Top Secret Project: CORHAKADA

Wow… It has been over two years since I actually typed anything on my own blog. When I just logged into it, I forgot my password and was pretty amazed that is was actually still up.

OK… So let’s forget about my neglect for my lab site and get right to it.

About a year ago my wife said to me, “I am worried about our girls getting enough STEM education because I am just not good in that area.” For those of you that are not up on the term “STEM” it is an acronym for Science, Technology, Engineering and Math. When my wife said this to me I was totally perplexed. How could she think that the ball would be dropped when it comes to my FAVORITE stuff! Out of all education that is the only stuff I like. Literature… it is OK I guess, but I read Steinbeck and thought it lacking because… well… there were no gene edited dinosaurs, no robots, no laser weapons. Oh… And what crappy endings. Seriously? Literature? Who cares?

So… Back to my wife an kids… They need STEM. So… What better thing to do that a super secret project with a cool code name that has one of these!


That is a “SainSmart 8-Channel 5V Solid State Relay Module Board for Arduino Uno Duemilanove MEGA2560 MEGA1280 ARM DSP PIC”.

I know what you are thinking, “What the heck is that and why would something that looks simpler than than the inside of my toaster be interesting to me?”.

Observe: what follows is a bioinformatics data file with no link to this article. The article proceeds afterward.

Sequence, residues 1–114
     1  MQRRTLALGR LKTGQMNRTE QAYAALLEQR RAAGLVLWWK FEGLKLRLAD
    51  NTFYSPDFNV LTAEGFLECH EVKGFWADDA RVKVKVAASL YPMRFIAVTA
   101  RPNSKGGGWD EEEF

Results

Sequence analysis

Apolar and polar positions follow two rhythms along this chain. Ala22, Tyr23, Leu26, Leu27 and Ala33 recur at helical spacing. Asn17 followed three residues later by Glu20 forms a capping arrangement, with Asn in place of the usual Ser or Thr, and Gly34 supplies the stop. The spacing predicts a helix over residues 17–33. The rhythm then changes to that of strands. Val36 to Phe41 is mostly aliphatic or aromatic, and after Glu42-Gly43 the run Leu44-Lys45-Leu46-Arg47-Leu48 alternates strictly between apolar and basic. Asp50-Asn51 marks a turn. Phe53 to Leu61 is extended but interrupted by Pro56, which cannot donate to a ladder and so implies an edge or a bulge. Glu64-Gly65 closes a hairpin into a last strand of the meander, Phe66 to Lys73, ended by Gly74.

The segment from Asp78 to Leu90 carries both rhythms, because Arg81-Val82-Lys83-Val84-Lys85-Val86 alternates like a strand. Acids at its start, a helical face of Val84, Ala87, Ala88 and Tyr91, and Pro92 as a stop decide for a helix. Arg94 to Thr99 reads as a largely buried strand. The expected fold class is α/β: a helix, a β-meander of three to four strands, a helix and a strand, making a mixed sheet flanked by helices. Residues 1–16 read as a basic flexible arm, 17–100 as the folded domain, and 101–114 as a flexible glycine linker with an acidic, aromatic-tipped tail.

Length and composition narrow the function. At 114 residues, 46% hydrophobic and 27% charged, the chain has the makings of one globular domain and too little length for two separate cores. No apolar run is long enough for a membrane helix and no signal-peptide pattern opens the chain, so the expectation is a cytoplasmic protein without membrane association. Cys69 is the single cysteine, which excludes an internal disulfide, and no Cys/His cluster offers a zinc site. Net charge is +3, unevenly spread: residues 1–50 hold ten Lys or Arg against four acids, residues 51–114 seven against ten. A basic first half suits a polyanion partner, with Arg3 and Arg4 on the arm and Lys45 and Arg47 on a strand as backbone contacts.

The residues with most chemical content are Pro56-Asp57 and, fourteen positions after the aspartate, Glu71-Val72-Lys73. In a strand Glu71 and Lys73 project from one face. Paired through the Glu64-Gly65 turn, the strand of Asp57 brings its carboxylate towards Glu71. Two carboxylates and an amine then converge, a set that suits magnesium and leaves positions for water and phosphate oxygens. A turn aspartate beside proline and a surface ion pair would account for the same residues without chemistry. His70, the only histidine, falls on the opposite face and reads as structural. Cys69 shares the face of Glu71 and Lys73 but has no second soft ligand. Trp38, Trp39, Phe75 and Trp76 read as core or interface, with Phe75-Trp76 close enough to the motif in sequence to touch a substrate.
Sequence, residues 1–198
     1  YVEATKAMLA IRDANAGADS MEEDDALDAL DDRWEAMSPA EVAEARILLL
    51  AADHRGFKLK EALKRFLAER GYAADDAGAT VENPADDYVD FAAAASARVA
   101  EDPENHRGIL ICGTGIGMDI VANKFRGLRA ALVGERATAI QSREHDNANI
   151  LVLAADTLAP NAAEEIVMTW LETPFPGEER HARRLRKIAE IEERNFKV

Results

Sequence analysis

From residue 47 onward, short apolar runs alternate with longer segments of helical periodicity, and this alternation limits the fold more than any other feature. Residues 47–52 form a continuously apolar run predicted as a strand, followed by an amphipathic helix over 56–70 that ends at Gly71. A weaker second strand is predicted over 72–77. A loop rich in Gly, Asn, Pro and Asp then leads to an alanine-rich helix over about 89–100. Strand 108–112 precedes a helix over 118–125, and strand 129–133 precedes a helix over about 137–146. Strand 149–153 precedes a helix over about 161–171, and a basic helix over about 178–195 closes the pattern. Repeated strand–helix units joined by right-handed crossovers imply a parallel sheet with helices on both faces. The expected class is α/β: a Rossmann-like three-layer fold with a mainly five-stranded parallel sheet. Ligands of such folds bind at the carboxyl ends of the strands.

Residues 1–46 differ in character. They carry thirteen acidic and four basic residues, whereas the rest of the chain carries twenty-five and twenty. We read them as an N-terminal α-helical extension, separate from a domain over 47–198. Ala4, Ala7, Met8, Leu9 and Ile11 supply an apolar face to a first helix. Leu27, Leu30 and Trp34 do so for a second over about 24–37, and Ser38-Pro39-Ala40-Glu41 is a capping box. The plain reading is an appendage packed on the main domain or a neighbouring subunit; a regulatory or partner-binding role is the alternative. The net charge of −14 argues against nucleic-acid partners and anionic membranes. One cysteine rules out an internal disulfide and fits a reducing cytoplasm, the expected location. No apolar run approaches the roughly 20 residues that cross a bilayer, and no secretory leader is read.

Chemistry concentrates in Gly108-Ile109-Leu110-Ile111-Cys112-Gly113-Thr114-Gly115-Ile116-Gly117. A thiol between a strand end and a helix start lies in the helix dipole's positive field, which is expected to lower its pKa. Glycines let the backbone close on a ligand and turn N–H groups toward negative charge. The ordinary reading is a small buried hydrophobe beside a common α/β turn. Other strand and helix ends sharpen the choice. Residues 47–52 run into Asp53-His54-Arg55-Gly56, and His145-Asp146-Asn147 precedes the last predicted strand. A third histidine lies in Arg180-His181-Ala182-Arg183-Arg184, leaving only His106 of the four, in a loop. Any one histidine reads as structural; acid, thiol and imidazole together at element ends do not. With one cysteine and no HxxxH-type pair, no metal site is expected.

Here is why… If you look at the picture, you will see the green bar in the middle / bottom of the board. Those are electrical connections. If I can figure out how to put a little bit of voltage in there (at my command of course) the little green connections on the top will output lots of power to do something interesting for the project. “Interesting” is not always POWER… but for super secret project “CORHAKADA” it is necessary to have POWER!

From now on, instead of calling this the “SainSmart 8-Channel… blah… blah… blah…” we will call it the “Daughterboard”.

Yeah… I know what you are thinking. We live in the age of “fundamental transformation” where sex doesn’t mean anything and certainly shouldn’t be applied to inanimate objects nor to human beings, but we call it a daughter board around here despite what the culture thinks… I have three daughters and they like Cabbage Patch Kids, stuffed animals, tea parties and all sorts of crap that I don’t care about. But they also like “Daughter Boards”. Enough said except, “Go STEM!”

Now I know everyone is curios and wants to know what the project really is. Well… Eventually if you keep reading you are going to figure it out. But my goal is to keep my children in the dark about it until it is as close to finished as possible.

OK… The next step is to show the Motherboard. For that we will be using a Raspberry Pi 2. This is a cheap little computer board (35.00). It really is an entire computer on one little board. It has a video out, networking, USB ports. It is really versatile.